corn and soybean growing states of the Midwest had greater profit potential with corn, the strong market driven largely by increasing demand from the ethanol industry. Corn prices surpassed $8 a bushel in August 2012, when a drought that gripped much of the nation reduced the supply of corn amid high demand.
In South Dakota, farmers planted 4.8 percent fewer corn acres and 6 percent more soybean acres this year, the USDA said. North Dakota corn acres fell 20 percent, while soybean acres jumped 29 percent.
Farmers planted 84.8 million acres of soybeans, which was almost 11 percent more than last year's 76.5 million acres. Among the states that planted record amounts of the crop were Minnesota and South Dakota.
Soybean prices, however, have mostly climbed since 2012, from around $13 to nearly $14 per bushel.
Corn was planted on 91.6 million acres, which was almost 4 percent less than last year's 95.4 million acres. soybean crop is exported to China, where there's a large demand for soybeans to feed hogs, poultry and dairy cows.
Even with reduction in corn planting, it will still be the fifth largest corn acreage planted since 1944, the USDA said.
Many corn and soybean growing states have seen a stormy spring and too much rain has left some fields drenched and water pooling. That impact is yet to be seen, but it could cut into the actual number of corn and soybean Asics Gel Lyte Evo Samurai For Sale acres harvested this fall.
In Nebraska, soybean acres are up 12 percent, while corn is down 6.5 percent.
Soybean plants also are faring better than average with to 83 percent emerged by June 15, with progress equal to or ahead of the normal pace in 14 of the 18 major growing states, the USDA said.
Corn prices declined throughout last year, to below $5 per bushel. They saw a brief increase to above $5 in April but since then have fallen $1 and remain around $4.20
Department of Agriculture said Monday.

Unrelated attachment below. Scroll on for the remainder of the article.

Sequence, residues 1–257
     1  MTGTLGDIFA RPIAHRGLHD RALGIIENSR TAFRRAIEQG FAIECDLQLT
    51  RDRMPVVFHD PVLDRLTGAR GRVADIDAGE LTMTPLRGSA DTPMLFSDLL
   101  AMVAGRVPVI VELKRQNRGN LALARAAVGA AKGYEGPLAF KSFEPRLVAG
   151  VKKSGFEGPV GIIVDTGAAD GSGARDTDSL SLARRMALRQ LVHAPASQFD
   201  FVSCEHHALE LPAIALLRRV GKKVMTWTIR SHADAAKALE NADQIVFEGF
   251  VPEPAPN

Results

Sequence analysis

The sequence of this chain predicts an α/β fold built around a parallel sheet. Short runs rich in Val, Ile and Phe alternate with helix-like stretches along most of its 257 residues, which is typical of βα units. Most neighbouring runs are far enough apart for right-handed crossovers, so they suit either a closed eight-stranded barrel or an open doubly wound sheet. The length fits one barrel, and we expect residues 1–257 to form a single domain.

"Farmers are going to grow what's most valuable to them and corn and soybeans work a little bit better than wheat in that area right now," Scott said.
Many farmers indicated this year that they would return to their corn soybean crop rotation to both replenish nitrogen in the soil and take advantage of the increased profitability of soybeans.
which often decreases the per acre yield of the crop because it doesn't allow the soil to recover. Corn needs an abundance of nitrogen in the soil to flourish, and soybeans increase nitrogen levels in soil. Insect problems, including corn rootworms, also can increase when corn follows corn in a field, increasing chemical costs.
The USDA reports that 76 percent of the corn crop is in good to excellent condition, compared with 63 percent last year.
As corn prices remained strong, farmers planted more acres to take advantage of higher profit. Some farmers strayed from the common practice of rotating fields from soybeans one year to corn the next. For a few seasons, some planted corn followed by corn, Silver Asics Gel Lyte Iii
The change in planting also was because of a drop in corn prices and rise in soybean prices.
on corn. It's a tough thing to handle," said Kevin Scott, who farms 2,500 acres in corn and soybeans near Valley Springs, about 15 miles east of Sioux Falls.